At the time Unmasked was released, Grace Cunard rivaled daredevils Pearl White ("The Perils of Pauline") and Helen Holmes ("The Hazards of Helen") as America’s Serial Queen. In the film, Cunard is a jewel thief pursuing the same wealthy marks as another thief played by Francis Ford, brother of director John Ford and himself a director and character actor. Cunard, in the mode of many women filmmakers of that era, not only starred in the film, but also wrote its script and parlayed her contributions into a directorial role as well. Produced at Universal Studios, the epicenter of female directors during the silent era, Unmasked reflected a style associated with European filmmakers of the time: artful and sophisticated cinematography comprised of complex camera movements and contrasting depths of field. With a plot rich in female initiative and problem-solving, Cunard fashioned a strong character who does not fit the image of traditional womanhood: she relishes her heists, performs unladylike physical exploits, manipulates court evidence, carries on with a man who is not her husband and yet survives the film without punishment. In essence, the character Cunard created echoed the woman behind the camera.  
Grace Cunard

The film -- not yet online -- was preserved by George Eastman House and with the New York Women in Film and Television's Women’s Film Preservation Fund. Thanks to Antonia Lant, who brought Unmasked to the attention of the NFPB, the NYU Department of Cinema Studies recently screened a digital copy, with an improvised piano score by Stephen Horne, who played for the film sight unseen.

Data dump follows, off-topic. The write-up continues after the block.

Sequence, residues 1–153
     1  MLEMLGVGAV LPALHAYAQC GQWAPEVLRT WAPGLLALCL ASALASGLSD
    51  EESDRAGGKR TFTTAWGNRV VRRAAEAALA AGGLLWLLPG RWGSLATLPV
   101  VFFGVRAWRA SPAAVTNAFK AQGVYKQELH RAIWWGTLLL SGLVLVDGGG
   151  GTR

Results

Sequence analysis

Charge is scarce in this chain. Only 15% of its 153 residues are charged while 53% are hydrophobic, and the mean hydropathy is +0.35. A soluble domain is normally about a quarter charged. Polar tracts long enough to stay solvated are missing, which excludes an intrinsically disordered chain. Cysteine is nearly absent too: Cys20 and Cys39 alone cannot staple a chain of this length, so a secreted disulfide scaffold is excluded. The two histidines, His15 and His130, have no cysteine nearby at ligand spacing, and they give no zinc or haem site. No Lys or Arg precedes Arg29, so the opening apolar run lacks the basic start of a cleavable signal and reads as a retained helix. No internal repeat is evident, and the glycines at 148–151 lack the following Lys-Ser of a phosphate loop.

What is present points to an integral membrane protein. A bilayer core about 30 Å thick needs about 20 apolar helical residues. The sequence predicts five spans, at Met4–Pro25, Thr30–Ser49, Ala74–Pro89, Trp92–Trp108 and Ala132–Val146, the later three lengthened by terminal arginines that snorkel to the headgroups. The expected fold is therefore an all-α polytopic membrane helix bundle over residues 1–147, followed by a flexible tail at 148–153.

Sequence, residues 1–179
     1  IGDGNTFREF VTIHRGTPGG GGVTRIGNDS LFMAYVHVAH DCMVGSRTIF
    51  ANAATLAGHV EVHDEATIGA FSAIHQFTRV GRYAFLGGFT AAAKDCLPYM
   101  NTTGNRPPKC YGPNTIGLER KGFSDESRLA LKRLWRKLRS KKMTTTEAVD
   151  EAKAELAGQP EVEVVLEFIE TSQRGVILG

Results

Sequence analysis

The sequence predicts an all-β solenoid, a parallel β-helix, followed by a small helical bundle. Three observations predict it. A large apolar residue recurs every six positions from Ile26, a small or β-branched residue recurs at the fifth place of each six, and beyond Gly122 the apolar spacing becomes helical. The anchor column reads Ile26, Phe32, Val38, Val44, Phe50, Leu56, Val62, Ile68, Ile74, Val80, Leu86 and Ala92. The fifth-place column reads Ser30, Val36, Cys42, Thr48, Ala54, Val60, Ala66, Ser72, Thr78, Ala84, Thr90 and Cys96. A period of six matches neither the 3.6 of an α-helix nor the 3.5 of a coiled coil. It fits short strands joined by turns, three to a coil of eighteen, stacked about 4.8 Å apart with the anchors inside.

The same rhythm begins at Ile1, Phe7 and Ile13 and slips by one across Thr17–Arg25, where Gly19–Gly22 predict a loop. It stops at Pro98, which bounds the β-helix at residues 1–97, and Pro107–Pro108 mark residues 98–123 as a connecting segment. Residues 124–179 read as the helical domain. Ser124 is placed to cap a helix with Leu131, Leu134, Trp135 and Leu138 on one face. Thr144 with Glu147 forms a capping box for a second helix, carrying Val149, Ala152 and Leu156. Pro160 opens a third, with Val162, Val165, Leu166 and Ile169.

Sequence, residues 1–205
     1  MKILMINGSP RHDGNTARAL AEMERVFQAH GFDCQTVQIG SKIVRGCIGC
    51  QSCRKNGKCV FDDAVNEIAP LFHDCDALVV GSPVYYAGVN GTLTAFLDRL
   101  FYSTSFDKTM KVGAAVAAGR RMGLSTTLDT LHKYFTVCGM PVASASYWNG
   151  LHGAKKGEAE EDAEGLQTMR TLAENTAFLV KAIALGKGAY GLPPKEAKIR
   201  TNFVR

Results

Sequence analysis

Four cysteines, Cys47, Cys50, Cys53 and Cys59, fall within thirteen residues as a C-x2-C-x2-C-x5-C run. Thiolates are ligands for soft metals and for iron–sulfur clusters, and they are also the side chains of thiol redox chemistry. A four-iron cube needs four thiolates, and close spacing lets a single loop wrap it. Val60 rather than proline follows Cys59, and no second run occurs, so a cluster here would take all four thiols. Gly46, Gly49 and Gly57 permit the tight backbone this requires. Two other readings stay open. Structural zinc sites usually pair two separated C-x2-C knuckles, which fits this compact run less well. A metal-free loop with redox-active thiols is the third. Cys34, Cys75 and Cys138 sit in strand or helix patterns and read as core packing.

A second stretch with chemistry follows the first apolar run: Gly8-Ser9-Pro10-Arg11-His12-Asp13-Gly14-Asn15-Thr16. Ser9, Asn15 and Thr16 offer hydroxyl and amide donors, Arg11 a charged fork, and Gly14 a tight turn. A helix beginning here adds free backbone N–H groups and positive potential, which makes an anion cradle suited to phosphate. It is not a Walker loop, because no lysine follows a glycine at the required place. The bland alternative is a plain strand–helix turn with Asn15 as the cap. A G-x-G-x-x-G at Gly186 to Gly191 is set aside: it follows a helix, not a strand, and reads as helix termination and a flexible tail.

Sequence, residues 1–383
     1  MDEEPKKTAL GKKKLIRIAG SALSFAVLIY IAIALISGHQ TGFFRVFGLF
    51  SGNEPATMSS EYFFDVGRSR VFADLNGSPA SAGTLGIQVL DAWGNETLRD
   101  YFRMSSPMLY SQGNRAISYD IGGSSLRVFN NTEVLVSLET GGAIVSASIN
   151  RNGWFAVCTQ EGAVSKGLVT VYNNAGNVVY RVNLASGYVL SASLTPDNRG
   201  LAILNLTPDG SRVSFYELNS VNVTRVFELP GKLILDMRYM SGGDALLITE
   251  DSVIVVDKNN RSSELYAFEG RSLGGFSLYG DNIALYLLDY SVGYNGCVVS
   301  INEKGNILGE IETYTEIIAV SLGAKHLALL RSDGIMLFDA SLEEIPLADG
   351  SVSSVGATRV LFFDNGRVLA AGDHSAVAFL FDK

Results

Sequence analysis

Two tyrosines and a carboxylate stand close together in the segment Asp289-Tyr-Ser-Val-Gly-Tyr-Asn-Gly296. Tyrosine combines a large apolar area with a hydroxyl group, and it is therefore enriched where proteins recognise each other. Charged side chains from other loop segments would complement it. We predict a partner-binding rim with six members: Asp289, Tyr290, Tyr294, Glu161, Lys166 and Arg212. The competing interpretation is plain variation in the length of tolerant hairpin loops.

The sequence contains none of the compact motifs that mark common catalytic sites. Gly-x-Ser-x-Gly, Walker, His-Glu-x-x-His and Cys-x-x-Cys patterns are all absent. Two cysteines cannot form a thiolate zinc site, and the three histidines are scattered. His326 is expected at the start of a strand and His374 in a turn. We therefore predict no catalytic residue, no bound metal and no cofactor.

Moon Breath Beat (1980)
The Library of Congress press release:
Lisze Bechtold created Moon Breath Beat, a five-minute color short subject, while a student at California Institute of the Arts under the tutelage of artist and filmmaker Jules Engel, who founded the Experimental Animation program at CalArts. Engel asked, hypothetically, "What happens when an animator follows a line, a patch of color, or a shape into the unconscious? What wild images would emerge?" Moon Breath Beat reveals Bechtold responding with fluidity and whimsy. Her film was animated to a pre-composed rhythm, the soundtrack cut together afterward, sometimes four frames at a time, to match picture with track, she says. The dream-like story evolved as it was animated, depicting a woman and her two cats and how such forces as birds and the moon impact their lives.  
As an animated student film made at CalArts, this work is a Registry sister to Helen Hill’s great short Scratch and Crow (1995).

It should be noted that four members of the National Film Preservation Board -- John Ptak, Caleb Deschanel, Ben Levin, and Simon Tarr -- researched student films, created a database of several dozen nominees for the Registry, and got several universities and filmmakers to put them on a Vimeo site for the Librarian of Congress and the NFPB to study.